I'm visualizing massive increases in leisure activities," announced Franz Gagnon from the epicenter of his art studio. Like many art studios, the room resembled an interior salvage yard to the untrained eye.
"This could mean a new Buick and renewed interest in me by my mother and sisters. All but one of them," Gagnon said with a smile and tug at his forelock. Gagnon had a trap door of red hair covering swatches of baldness. His smile was like a beam of pure light in a cave. "Come take a look."
Me and Tyrone dutifully shuffled over, trying to avoid an exhausted air mattress with stick figures glued on top. They looked like tongue depressors that had been used to scrape the bottom of duck-hunting boots. "What're these?" I groused.
"I call it Pan Visits Mother Seton Academy. I thought there might be a market in a big Catholic town like this, but nada," said Gagnon. "But forget sculpture. Regard this painting."
We regarded. Up on a tripod was this big painting of this huge guy who was busy kicking ass and taking names in a pagoda. He had one foot on a guy's neck. With his right arm, he held another guy in headlock, and the guy's eyes were bulging. His left hand held a third guy by the throat. While he was doing all this, his eyes were red and foam was flying from his ruby-red lips.
"This would make a great poster for the World Wrestling Federation," I opined. "What's the name of that Mongol dude? Aga Khan?"
"That guy in the painting looks like the Tasmanian Devil with PMS," chimed in Tyrone.
"Does this thing have a name?" I asked. A part -- a small part -- of me really wanted to know.
"My working title is Buddha Furioso," Gagnon said stiffly.
"Buddha! Buddha is the international symbol of peace and tranquility!" declared Tyrone.
"Some depictions have him smiling," I reminded everybody. "A kinda small smile like he knows something you don't."
"In some cases, that is not an insurmountable obstacle," growled Gagnon, casting a glare my way. "But you two are regurgitating the cliche Buddha, the safe, predictable Buddha. We've got to move past the stereotypical divinity figure!" Gagnon's face was getting as red as his hair.
I kicked one foot with the other and then carefully studied the scuff marks on my shoe. This was starting to get really ugly, like a Hornets road game. But Tyrone wasn't finished. Not yet.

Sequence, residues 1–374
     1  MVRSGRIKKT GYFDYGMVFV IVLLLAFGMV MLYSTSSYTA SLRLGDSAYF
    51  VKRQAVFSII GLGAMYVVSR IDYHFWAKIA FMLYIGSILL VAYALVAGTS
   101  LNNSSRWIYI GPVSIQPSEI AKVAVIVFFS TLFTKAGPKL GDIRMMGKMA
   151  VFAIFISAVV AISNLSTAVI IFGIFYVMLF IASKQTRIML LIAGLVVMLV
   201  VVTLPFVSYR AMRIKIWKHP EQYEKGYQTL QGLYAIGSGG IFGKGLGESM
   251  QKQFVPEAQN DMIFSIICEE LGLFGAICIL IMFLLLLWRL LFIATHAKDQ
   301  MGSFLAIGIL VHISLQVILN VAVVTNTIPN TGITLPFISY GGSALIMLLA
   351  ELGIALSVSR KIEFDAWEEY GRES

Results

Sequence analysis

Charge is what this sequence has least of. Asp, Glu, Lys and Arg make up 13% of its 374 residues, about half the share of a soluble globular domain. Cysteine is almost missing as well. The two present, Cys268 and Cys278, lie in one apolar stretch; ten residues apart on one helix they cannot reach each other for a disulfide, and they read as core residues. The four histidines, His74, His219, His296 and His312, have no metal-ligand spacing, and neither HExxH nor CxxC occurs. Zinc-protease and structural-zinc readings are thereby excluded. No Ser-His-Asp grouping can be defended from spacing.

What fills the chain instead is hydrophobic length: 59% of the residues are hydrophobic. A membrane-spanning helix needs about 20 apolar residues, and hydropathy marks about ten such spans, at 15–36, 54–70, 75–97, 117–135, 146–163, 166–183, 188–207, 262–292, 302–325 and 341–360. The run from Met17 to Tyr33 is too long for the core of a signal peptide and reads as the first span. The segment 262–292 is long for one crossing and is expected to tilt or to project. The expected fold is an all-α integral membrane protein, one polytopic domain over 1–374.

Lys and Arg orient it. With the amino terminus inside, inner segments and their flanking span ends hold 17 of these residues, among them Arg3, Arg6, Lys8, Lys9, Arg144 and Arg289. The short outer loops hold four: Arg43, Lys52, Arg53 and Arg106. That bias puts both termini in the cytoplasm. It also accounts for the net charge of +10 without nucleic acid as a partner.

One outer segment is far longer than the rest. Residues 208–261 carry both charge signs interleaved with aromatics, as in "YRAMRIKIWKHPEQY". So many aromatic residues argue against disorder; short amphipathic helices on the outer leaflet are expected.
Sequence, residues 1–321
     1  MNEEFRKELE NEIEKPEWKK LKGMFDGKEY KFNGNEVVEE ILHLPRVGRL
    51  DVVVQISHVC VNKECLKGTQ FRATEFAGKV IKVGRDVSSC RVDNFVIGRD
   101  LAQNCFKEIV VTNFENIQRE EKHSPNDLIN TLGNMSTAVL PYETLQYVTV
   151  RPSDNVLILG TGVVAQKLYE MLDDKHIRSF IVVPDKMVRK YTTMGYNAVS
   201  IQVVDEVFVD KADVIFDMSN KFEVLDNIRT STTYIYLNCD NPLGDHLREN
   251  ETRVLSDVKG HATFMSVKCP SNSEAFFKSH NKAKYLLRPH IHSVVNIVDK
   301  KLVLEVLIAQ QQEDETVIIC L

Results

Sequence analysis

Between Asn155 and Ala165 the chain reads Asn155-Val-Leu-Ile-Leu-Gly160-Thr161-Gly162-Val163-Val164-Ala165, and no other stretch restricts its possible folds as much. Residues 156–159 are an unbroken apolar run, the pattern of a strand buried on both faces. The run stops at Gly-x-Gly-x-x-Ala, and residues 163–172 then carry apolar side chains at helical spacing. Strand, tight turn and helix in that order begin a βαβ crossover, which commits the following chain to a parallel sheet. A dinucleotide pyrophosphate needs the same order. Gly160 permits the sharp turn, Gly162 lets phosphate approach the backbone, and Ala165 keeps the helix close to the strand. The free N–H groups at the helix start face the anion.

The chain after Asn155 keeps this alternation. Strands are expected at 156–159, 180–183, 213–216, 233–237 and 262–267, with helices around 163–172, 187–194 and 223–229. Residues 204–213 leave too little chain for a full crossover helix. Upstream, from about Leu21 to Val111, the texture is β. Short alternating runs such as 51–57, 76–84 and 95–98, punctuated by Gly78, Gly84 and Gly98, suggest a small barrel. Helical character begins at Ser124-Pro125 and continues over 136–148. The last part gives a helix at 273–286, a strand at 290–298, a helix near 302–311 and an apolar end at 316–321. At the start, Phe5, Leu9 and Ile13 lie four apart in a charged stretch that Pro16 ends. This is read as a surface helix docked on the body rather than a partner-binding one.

"Yeah, but you said this is gonna make you richer than a consultant for the RTA," he said. "Hey, this Buddha is very popular right now. I've seen him in some of the finest homes. Catholics, Jews and all. But why should anyone want your version of Buddha?"
"Two reasons," explained Gagnon. He held up two fingers to tick off, like we couldn't keep track of two whole reasons. "First, you can get the conventional Buddha anywhere. But if you want the Buddha who gives full play to his emotions, who dares to explore the dichotomy of our natures, then you gotta go to Buddha Furioso."
Gagnon went to the next finger. "Second, it's the job of the artist to look at the world in unconventional ways to show orthodox folks like you two different techniques of vision. Or else you'd never imagine certain things. Thank God for artists, I'd say. They bring art into the world."
I forcefully cleared my throat. "Last year, I noticed that there was a vote on the most influential example of modern art, and the winner was Marcel Duchamp's Fountain. Which is a depiction of a urinal. Which is as good a summary of modern art as exists, I'd say."
"Which is not to say you can't make some true coin off art stuff," chipped in Tyrone. "Remember last year? A 10-year-old cheese sandwich in the shape of the Holy Virgin sold for $28,000 on eBay. To a casino. Who says casinos don't have an economic impact on their communities?"
"Yes, but that cheese sandwich was not art." I quickly pointed out. "It was sold as a relic or a religious object."
"That's right," Gagnon reflected soberly. "Religion's all about money. Art is beauty. Art is pure aesthetic."
"You sure thought you was gonna make some green when you brought that project to the Sculpture Garden. Remember that stuff you made outta clothespins, sponges and tin foil?"
"That sculpture came from deep inside," whined Gagnon. "It was titled Abstration L'Outrance. The rejection was political."
"I've noted something," I noted. "When you first come up with an idea, it's all about the money you're gonna make. After it don't sell, then it's all about art, not money."
"Ah, filthy yen! The problem is the art world has never seen anything like Buddha Furioso. So naturally we have an unfixed market value." Gagnon tugged furiously at his forelock. "I don't quite know what to charge for it." "I have some ideas," Tyrone quipped grimly.